Derby win worth its weight in dollars Concerto, Captain Bodgit could double or triple value, enhance credibility

The two Maryland-trained entries in the Kentucky Derby are both solid racehorses with respectable pedigrees that could command top dollar in an auction.

But if either Concerto or Captain Bodgit wins tomorrow's classic, their value would easily double or triple, to several million dollars.


Even in the high-stakes world of thoroughbreds, where millions of dollars are paid for horses who can generate returns either on the track or in the breeding barn, a Kentucky Derby win is like nothing else.

"It's like gold dust sprinkled on a horse's name," said Michael Pons, business manager for Country Life Farm in Bel Air.


It's not that the Kentucky Derby attracts the best horses in racing. It doesn't. The race, limited to 3-year olds, is more of a coming-out party for the most promising animals of their generation.

Plenty of faster, stronger and more reliable horses peak well past their third year. Maryland-bred Cigar, for example, didn't hit his stride until he was 5.

And navigating a winning course through the crowded fields that have marked the Derby in recent years is as much luck, and good jockeying, as speed and stamina.

But the Derby is the best known of all races and its winner is guaranteed a moment in racing's singularly bright spotlight.

"There is no question that for Americans this is the race. People remember the horse's name. When you pick up a julep glass, the name is on there," said Robert Lawrence, director of the equine industry program at the University of Louisville.

Being able to advertise your horse as a Derby winner commands instant recognition and credibility.

There are practical reasons, too. The Derby is a grueling race. It is relatively long, 1 1/4 miles, run on a track full of distractions. It tests both physical endurance and mental intangibles, such as heart and concentration.

And because it comes so early in a horse's life, a Derby victory suggests plenty of earning potential. Owners are faced with the appealing choice of running for still more winnings, or heading off to stud service.


More running establishes the horse as a champion but is costly and can expose the animal to injury or reveal the Derby win as a fluke.

"The real money in this business is in the breeding shed," said John Clooney, a spokesman for the Jockey Club, a national thoroughbred group.

Stud service, too, carries its risks. Some great runners -- Cigar, for example -- either prove impotent or fail to pass along the elusive genes that made them win. By the time this is known, the horse may have passed his best years on the track.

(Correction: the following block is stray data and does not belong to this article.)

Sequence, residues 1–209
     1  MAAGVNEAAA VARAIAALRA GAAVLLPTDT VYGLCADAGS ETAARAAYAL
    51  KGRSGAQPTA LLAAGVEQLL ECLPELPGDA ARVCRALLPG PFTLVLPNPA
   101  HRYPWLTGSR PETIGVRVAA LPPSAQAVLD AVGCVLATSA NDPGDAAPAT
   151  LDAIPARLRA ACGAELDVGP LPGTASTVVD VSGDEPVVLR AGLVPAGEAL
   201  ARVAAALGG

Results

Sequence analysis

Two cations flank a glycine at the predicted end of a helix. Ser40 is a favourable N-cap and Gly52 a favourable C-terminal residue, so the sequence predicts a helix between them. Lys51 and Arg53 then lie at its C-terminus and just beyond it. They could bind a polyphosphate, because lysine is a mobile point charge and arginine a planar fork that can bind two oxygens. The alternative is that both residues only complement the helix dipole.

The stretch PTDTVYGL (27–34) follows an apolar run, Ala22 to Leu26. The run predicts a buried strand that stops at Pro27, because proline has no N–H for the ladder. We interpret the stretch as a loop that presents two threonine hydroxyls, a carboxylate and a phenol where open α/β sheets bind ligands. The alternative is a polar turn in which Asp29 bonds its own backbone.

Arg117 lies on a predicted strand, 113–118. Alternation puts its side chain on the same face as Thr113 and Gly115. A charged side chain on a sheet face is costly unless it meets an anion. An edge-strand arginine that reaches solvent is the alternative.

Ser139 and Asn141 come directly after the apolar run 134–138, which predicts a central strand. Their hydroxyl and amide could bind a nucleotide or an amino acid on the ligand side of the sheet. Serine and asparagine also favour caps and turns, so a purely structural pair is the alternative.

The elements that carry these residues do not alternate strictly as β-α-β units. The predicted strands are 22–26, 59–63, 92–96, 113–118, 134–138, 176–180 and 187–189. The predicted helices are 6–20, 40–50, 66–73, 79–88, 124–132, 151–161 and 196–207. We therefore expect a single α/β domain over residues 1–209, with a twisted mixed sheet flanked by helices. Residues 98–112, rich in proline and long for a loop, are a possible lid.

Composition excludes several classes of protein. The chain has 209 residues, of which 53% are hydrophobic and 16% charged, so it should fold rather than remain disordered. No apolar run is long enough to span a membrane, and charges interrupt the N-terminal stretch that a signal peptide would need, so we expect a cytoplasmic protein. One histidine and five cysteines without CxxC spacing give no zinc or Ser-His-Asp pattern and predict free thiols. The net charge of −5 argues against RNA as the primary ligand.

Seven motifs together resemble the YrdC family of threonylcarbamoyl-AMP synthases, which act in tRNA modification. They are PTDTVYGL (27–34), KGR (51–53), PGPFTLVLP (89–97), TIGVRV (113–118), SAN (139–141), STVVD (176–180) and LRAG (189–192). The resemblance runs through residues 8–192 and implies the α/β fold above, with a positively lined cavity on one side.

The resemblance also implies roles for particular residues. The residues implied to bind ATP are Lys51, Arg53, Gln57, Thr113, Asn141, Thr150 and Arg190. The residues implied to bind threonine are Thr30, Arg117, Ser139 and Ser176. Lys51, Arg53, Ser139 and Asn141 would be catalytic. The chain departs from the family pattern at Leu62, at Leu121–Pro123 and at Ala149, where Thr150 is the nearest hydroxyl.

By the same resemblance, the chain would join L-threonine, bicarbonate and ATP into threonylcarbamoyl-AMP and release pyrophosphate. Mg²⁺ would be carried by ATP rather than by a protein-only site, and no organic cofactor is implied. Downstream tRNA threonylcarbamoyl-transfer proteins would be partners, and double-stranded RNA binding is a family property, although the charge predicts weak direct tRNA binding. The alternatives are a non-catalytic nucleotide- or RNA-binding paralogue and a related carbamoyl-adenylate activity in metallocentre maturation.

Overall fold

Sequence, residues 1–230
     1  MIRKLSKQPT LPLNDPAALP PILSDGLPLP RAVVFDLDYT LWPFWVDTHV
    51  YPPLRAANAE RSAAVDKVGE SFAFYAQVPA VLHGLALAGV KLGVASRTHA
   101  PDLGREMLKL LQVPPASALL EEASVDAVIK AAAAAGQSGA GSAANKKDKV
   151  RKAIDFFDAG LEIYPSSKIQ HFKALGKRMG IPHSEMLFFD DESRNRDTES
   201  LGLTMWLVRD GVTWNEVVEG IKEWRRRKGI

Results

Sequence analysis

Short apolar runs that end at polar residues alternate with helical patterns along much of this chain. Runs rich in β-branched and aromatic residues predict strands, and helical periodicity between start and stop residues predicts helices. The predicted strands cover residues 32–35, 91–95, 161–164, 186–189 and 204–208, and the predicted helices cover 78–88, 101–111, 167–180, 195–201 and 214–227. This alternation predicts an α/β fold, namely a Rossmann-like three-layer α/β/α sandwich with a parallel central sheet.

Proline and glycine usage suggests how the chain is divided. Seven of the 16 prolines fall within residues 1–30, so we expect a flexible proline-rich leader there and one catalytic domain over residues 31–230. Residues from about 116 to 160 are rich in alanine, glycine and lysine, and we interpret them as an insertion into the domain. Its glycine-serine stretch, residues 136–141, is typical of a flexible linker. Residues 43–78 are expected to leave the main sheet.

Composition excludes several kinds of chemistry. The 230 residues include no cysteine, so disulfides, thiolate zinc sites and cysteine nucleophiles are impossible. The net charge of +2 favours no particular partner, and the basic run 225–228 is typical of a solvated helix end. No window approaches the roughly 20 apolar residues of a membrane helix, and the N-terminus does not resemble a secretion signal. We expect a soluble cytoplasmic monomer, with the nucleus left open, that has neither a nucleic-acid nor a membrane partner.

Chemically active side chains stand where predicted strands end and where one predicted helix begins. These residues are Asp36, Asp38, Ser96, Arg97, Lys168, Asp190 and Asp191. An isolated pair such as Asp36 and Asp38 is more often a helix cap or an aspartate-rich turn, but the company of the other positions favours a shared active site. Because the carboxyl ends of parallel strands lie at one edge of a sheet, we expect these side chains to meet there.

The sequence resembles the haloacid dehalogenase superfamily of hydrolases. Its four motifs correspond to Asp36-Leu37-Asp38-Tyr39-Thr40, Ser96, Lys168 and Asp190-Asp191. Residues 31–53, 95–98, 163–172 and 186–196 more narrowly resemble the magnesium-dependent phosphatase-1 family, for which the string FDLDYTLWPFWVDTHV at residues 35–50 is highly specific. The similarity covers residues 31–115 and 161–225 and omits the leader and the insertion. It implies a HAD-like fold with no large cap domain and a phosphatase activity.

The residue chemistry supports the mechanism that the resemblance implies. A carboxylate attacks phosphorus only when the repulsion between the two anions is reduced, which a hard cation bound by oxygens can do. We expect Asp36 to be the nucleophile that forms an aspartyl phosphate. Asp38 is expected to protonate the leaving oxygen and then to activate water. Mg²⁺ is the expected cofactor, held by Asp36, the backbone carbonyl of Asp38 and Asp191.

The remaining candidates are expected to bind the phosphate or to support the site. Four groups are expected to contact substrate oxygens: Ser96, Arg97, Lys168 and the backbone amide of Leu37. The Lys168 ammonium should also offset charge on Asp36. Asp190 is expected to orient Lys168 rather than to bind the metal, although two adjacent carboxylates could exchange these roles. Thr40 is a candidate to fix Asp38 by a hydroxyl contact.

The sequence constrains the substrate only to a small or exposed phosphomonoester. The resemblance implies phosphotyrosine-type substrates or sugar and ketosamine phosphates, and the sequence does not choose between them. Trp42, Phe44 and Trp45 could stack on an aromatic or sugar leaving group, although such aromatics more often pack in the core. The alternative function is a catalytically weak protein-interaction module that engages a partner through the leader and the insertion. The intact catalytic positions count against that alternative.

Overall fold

As long as he has reasonable lineage, a typical Derby winner can command $40,000 and up for a mating opportunity. With 80 to 100 such encounters a season, the horse could earn $4 million a year. If his progeny win big races, the fee could top $100,000.

Even a Derby winner with an unimpressive family tree can command $20,000 at stud. Lil E. Tee and Grindstone, two recent Derby winners, for example, bring in $29,000 and $22,000 fees, respectively.

"If they have no pedigree, you still have the public attention. Everyone knows this horse can run. He may be able to pass it on and start a new dynasty," Lawrence said.


"It absolutely does everything for a horse. It is the race to win," he said.

Kentucky Derby

What: 123rd Kentucky Derby, first leg of horse racing's Triple Crown

Where: Churchill Downs, Louisville, Ky.

When: Tomorrow; post time 5: 32 p.m.

Distance: 1 1/4 miles


Weights: All carry 126 pounds.

Purse: $1,000,000 if 13 start. 1st place: $700,000. 2nd: $170,000. 3rd: $85,000. 4th: $45,000.

TV: Chs. 2, 7

The field

PP Horse, Trainer, Jockey, Odds

1. Crypto Star, Wayne Catalano, Pat Day, 10-1


Phantom On Tour, Lynn Whiting, Jerry Bailey, 12-1

3. Concerto, John Tammaro III, Carlos Marquez Jr., 8-1

4. Captain Bodgit, Gary Capuano, Alex Solis, 5-2

Silver Charm, Bob Baffert, Gary Stevens, 5-1

Celtic Warrior, Danny Hutt, Francisco Torres, 50-1

Pulpit, Frank Brothers, Shane Sellers, 2-1


8. Hello, Ron McAnally, Mike Smith, 12-1

9. Jack Flash, Nick Zito, Craig Perret, 30-1*

Shammy Davis, Nick Zito, Willie Martinez, 30-1*

Deeds Not Words, D. Wayne Lukasm, Corey Nakatani, 50-1

12. Crimson Classic, Forrest Kaelin, Robby Albarado, 50-1

Free House, Paco Gonzalez, David Flores, 8-1


-- Coupled in betting

Pub Date: 5/02/97